One of the most extraordinary works in the current exhibition Gauguin: Metamorphoses is Tahitian Woman with Evil Spirit (c. 1900), which was acquired for MoMA’s collection just weeks before the exhibition opened. Among the many exceptionally innovative works on paper that are the focus of the exhibition, this exciting new acquisition stands out for its monumental scale and magisterial presence. It is an oil transfer drawing, a hybrid medium of drawing and print that Paul Gauguin invented while living in Tahiti in 1899.
In many ways, hybridity was a hallmark of Gauguin’s creative process. His wood relief sculptures, carved in shallow relief and painted, can be seen as a hybrid of painting and sculpture. His experimental monotypes and transfer drawings combine elements of painting, drawing, and printmaking. He derived the subjects in his works from countless sources, fusing references from Christianity, Polynesian myth, and ancient monuments with motifs drawn from the artworks of his European predecessors and contemporaries. In the process of repeating and recombining motifs drawn from disparate sources over and over again, metamorphoses took place.
I find Gauguin’s oil transfer drawings to be the most fascinating example of metamorphosis in his oeuvre. Each is a double-sided work with a drawing on one side (the verso), and an oil transfer on the other (the recto). Tahitian Woman with Evil Spirit is an outstanding example of this unprecedented technique:
Gauguin described the process in a March 1902 letter to his patron Gustave Fayet: “First you roll out printer’s ink on a sheet of paper of any sort; then lay a second sheet on top of it and draw whatever pleases you. The harder and thinner your pencil (as well as your paper), the finer will be the resulting line.” The pressure of the pencil caused the ink from the bottom sheet to transfer to the back of the top sheet. When the sheets were peeled apart, the transferred image became the final work of art. Gauguin used sharp graphite pencils and softer blue pencils to delineate the figures; these lines appear as black ink on the recto. He subsequently added the olive tone to the recto by covering another sheet of paper with olive ink, laying his sheet with the black ink transfer on top, and applying pressure selectively to enable the transfer of ink. With this technique, Gauguin was able to almost magically transform and obfuscate his images. The exquisitely detailed pencil drawing, executed with clarity on the verso, undergoes a sort of metamorphosis to engender the mysterious print on the recto. Gauguin was enchanted with this process, with the way it transformed the texture of his lines and introduced an element of chance into the creative process. The incidental markings, blurred lines, and earthy tones of the transfer suggest an image unearthed from a lost time.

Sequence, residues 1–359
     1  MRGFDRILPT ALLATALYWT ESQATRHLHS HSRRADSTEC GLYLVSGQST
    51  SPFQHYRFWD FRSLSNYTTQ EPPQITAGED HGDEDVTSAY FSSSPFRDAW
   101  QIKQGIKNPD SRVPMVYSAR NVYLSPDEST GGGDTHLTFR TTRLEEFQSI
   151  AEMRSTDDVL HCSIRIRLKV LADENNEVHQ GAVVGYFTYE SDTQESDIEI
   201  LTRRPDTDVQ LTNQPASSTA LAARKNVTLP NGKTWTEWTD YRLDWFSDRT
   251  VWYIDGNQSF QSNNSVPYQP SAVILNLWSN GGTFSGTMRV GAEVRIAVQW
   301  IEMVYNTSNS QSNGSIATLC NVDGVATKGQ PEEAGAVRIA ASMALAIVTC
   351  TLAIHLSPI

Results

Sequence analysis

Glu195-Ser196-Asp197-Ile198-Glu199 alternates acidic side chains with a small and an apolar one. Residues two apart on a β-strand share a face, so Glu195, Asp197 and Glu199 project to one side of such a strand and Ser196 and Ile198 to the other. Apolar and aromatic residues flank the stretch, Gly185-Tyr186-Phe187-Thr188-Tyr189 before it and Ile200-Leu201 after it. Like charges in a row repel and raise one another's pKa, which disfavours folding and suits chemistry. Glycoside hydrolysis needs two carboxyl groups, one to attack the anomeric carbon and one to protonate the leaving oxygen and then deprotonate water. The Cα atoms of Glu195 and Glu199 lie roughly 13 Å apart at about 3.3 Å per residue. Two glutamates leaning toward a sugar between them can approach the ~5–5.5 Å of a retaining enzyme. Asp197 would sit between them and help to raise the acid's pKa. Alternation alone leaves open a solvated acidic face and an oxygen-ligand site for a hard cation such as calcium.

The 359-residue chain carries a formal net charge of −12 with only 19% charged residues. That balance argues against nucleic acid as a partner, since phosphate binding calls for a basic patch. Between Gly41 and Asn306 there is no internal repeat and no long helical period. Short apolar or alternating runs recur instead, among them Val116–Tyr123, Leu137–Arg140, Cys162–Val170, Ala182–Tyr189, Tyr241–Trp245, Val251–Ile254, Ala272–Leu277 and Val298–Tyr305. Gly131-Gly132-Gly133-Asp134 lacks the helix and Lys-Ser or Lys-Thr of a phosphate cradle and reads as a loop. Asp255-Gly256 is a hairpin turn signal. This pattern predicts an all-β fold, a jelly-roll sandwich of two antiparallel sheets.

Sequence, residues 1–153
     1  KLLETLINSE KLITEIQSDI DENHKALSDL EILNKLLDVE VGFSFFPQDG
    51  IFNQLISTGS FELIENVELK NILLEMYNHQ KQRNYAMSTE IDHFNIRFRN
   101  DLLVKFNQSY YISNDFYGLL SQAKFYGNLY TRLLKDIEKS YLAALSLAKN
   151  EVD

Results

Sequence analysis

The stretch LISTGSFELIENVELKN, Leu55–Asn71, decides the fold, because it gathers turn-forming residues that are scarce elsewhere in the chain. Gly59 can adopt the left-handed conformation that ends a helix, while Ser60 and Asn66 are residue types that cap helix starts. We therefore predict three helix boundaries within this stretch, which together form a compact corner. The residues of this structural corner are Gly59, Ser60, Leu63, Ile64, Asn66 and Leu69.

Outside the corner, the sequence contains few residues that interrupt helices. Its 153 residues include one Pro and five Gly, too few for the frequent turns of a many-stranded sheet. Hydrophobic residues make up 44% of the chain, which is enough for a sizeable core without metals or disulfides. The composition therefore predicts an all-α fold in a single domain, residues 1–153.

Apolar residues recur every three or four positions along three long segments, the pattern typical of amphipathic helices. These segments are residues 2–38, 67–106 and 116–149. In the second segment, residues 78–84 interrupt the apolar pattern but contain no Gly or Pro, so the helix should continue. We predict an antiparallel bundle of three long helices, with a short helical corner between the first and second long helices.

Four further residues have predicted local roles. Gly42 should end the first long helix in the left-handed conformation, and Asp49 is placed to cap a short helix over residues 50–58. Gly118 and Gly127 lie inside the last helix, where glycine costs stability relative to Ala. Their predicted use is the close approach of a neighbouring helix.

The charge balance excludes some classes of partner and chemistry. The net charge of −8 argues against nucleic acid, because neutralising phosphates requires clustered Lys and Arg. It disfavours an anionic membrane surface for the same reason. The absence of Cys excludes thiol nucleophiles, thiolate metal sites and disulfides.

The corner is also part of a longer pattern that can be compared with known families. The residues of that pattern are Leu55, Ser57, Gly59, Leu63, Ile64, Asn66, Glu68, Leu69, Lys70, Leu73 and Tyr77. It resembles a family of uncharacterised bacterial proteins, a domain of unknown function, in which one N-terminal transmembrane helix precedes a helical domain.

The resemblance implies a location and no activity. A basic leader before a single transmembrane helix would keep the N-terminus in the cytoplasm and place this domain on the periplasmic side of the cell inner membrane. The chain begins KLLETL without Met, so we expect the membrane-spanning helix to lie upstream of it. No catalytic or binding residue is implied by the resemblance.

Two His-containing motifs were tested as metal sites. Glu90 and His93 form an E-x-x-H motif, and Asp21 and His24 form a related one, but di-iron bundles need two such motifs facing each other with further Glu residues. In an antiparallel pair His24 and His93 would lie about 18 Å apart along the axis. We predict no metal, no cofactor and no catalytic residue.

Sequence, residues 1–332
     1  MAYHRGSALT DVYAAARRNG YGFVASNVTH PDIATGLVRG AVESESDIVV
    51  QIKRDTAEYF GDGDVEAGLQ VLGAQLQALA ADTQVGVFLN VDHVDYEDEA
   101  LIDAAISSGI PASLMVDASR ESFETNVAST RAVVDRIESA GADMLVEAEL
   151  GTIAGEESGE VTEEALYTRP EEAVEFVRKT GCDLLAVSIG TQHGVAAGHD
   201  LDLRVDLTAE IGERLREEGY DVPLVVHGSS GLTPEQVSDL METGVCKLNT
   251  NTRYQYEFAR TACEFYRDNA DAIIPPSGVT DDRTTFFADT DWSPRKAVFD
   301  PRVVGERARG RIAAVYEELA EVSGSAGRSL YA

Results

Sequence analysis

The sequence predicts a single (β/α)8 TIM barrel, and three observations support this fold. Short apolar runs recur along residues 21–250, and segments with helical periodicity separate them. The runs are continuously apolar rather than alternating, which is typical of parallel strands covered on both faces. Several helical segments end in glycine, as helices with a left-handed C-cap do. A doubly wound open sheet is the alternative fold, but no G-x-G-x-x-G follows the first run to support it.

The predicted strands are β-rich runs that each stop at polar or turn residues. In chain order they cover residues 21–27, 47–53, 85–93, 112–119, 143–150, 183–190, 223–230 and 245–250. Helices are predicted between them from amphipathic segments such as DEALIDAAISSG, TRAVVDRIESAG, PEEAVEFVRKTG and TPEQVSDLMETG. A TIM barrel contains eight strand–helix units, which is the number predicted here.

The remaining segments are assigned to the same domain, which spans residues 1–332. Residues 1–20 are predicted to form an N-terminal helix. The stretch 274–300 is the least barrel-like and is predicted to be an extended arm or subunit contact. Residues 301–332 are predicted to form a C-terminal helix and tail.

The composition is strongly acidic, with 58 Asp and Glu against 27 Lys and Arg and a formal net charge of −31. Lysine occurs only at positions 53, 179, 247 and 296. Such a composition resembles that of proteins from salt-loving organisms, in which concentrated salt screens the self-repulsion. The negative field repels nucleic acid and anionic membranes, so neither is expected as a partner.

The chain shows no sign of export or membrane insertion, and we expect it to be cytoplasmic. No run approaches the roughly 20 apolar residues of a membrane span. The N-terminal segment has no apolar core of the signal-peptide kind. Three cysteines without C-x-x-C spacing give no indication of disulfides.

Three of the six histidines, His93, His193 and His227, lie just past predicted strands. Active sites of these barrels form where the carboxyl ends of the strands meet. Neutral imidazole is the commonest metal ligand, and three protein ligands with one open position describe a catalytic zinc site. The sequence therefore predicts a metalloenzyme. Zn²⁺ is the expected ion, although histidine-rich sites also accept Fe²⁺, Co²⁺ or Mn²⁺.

Only about 89 oil transfer drawings—dating from 1899, when Gauguin first devised the technique, to 1903, the year of his death—have been documented. They range from sketch-like studies to highly finished works. Tahitian Woman with Evil Spirit is one of the largest and most finished examples of Gauguin’s efforts in this medium. It was among the 10 major transfer drawings that Gauguin sent to his dealer, Ambroise Vollard, in Paris in 1900, to showcase his radical experiments with this technique.
The subject of a beautiful woman haunted by a mysterious spirit resonates throughout Gauguin’s oeuvre. In Tahitian Woman with Evil Spirit, a half-human, half-beast figure looms behind a bare-breasted woman. The young woman gazes out at the viewer with an enigmatic expression, conveying the ambiguity of her relationship with her spirit companion. Gauguin copied the female figure, with spiked hair, hanging braids, and a beaded necklace in the form of a snake, from a photograph he owned of a young girl from the Polynesian island of Tonga. He based the horned, semi-bestial male on a wood sculpture he had created a few years earlier, Head with Horns (1895–97).
Mining his own previous work and a photographic document of an “exotic” culture, Gauguin created a hybrid in terms of both technique and subject matter. This oil transfer drawing represents one of the artist’s most important achievements in the realm of works on paper, and we are thrilled to welcome it into MoMA’s collection.
Gauguin: Metamorphoses is on view until June 8. To learn more about oil transfer drawings, and to watch an animated slide show explaining the process, check out the section of our exhibition website devoted to Gauguin’s techniques.